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Joint Choir AHS and Lunenburg HS, Ayer Town Hall, December 1961

John Carton directs the Ayer High School Choir and also Plays the Piano for the majority of numbers and Donald Adams directs the Lunenburg HS Choir.

LISTEN: Gloria in D RV589 - Antonio Vivaldi (1678 - 1741), Part-I, The Gloria

The Latin:
Gloria in excelsis deo
Et in terra pax hominibus bonae voluntatis
Laudamus te
Benedicimus te
Adoramus te
Glorificamus te
Gratias agimus tibi propter magnam gloriam tuam
Domine Deus, Rex caelestis, Deus Pater omnipotens
Domine fili unigenite, Jesu Christe
Domine Deus, Agnus Dei, Filius patris
Qui tollis peccata mundi, miserere nobis
Qui tollis peccata mundi suscipe deprecationem nostram
Qui sedes ad dexteram patris miserere nobis
Quoniam tu solus sanctus
Tu solus Dominus
Tu solus Altissimus, Jesu Christe
Cum Sancto Spiritu in gloria Dei Patris.

The English:
Glory to God in the highest
And on earth peace to people of good will
We praise you
We bless you
We adore you
We glorify you
We give thanks to you for your great glory
Lord God, Heavenly King, God Almighty Father
Lord Only-begotten Son, Jesus Christ
Lord God, Lamb of God, Son of the Father
You who take away the sins of the world, have mercy on us
You who take away the sins of the world, hear our prayer
You who sit at the Father's right hand, have mercy on us
For you alone are holy
You alone, Lord
You alone the Most High, Jesus Christ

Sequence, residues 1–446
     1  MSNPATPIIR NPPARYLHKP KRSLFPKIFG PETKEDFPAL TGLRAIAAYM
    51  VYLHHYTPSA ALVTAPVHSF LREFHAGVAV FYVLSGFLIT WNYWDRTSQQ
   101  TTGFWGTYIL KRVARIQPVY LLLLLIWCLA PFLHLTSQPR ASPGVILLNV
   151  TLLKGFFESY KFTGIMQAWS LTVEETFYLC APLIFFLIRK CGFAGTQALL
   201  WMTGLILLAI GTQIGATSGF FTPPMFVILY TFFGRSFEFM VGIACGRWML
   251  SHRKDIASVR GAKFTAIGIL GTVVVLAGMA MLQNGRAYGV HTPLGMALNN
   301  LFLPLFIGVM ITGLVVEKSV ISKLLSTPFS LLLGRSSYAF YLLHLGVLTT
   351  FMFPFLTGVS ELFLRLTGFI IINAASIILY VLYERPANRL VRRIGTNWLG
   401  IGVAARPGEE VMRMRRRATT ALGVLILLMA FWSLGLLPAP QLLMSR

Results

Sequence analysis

With the Holy Spirit in the glory of God the Father.

"Gloria in excelsis Deo" is a Latin hymn whose history can be traced as far back as the first century. The opening verse is the verse sung by the angels when they appeared to the shepherds to announce the birth of Jesus Christ.

Gloria in D RV589 - Antonio Vivaldi (1678 - 1741)

Antonio Lucio Vivaldi composed this Gloria in Venice, probably in 1715, for the choir of the Ospedale della Pietà, an orphanage for girls (or more probably a home, generously endowed by the girls' "anonymous" fathers, for the illegitimate daughters of Venetian noblemen and their mistresses). The Ospedale prided itself on the quality of its musical education and the excellence of its choir and orchestra. Vivaldi, a priest, music teacher and virtuoso violinist, composed many sacred works for the Ospedale, where he spent most of his career, as well as hundreds of instrumental concertos to be played by the girls’ orchestra. This, his most famous choral piece, presents the traditional Gloria from the Latin Mass in twelve varied cantata-like sections.

The wonderfully sunny nature of the Gloria, with its distinctive melodies and rhythms, is characteristic of all of Vivaldi’s music, giving it an immediate and universal appeal. The opening movement is a joyous chorus, with trumpet and oboe obligato. The extensive orchestral introduction establishes two simple motives, one of octave leaps, the orher a quicker, quaver - semiquaver figure, that function as the ritornello. The choir enters in chorale-like fashion, syllabically declaiming the text in regular rhythms, contrasting with the orchestral ritornello, which contains most of the melodic interest of the movement.

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